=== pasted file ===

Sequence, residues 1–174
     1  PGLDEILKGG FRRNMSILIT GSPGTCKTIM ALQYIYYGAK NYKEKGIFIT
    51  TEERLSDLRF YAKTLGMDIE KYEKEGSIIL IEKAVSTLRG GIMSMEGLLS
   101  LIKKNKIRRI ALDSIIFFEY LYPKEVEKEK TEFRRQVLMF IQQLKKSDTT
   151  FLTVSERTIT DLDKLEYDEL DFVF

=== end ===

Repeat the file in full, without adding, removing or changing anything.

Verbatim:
Sequence, residues 1–174
     1  PGLDEILKGG FRRNMSILIT GSPGTCKTIM ALQYIYYGAK NYKEKGIFIT
    51  TEERLSDLRF YAKTLGMDIE KYEKEGSIIL IEKAVSTLRG GIMSMEGLLS
   101  LIKKNKIRRI ALDSIIFFEY LYPKEVEKEK TEFRRQVLMF IQQLKKSDTT
   151  FLTVSERTIT DLDKLEYDEL DFVF